The Cambridge dictionary defines an idiom as a group of words in a fixed order that have a particular meaning that is different from the meanings of each word understood on its own: For example
To "have bitten off more than you can chew" is an idiom that means you have tried to do something which is too difficult for you.We have offered you a list of commonly used idioms from A to Z.
Idioms B - Idiomatic expressions beginning with B
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Get off smb’s back
stop annoying smb, for example, by telling them what to do or trying to force them to do smth; make smb stop annoying you in this way.
I’ve done all that already, so why don’t you just get off my back?
Take the bad with the good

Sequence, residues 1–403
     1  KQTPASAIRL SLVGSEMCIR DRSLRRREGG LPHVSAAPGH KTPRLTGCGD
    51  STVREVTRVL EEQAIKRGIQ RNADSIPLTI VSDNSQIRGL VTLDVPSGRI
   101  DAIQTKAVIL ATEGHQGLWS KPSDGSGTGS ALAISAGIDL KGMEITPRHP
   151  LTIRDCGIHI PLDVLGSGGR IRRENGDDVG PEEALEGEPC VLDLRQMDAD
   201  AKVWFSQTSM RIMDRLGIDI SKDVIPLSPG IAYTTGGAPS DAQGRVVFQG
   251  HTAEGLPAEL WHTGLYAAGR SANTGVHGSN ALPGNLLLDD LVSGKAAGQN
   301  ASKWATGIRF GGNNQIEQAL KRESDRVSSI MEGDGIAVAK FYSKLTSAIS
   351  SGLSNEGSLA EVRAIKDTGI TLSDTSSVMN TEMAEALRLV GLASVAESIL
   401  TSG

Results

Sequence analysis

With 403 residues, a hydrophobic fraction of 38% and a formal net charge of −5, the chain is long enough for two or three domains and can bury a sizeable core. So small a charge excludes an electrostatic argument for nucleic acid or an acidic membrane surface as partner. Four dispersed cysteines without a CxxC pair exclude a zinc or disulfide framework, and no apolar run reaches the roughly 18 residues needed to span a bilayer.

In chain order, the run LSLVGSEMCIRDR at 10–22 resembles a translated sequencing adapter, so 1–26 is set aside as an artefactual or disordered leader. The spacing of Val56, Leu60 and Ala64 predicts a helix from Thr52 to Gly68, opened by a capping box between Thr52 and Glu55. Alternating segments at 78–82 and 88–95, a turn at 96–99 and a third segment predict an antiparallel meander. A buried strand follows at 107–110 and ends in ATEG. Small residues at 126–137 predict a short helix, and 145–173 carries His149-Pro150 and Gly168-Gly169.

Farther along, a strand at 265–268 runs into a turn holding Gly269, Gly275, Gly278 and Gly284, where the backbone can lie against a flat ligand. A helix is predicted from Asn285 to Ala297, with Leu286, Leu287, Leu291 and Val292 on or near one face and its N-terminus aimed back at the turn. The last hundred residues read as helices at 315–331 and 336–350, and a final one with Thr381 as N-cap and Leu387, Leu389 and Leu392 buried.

accept the bad aspects of smth as well as the good ones.
You must learn to take the bad with the good in this job. Things don’t always go as well as you hope they should.
A ball and chain (BrE)
a problem that prevents you from doing what you would like to do.
The business never made any money and was regarded more as a ball and chain than anything else.
(humorous) smb’s husband or wife
I must get home to the ball and chain.
Be on the ball
be aware of what is happening and be able to react or deal with it quickly
For the assistant manager’s job we need someone who’s really on the ball.
Get/keep/set/start/ the ball rolling
begin/continue an activity, discussion etc.
Go bananas (slang)
become angry, crazy or silly
If I’m late again my dad’ll go bananas!
Go (off) with a bang (informal)
(of an event, etc) be very successful
Last night’s party really went off with a bang.
This is the best pudding I’ve ever tasted, bar none.
Be barking up the wrong tree
be mistaken about smth
The police are barking up the wrong tree if they think I had anything to do with the crime! I wasn’t even in the country when it happened!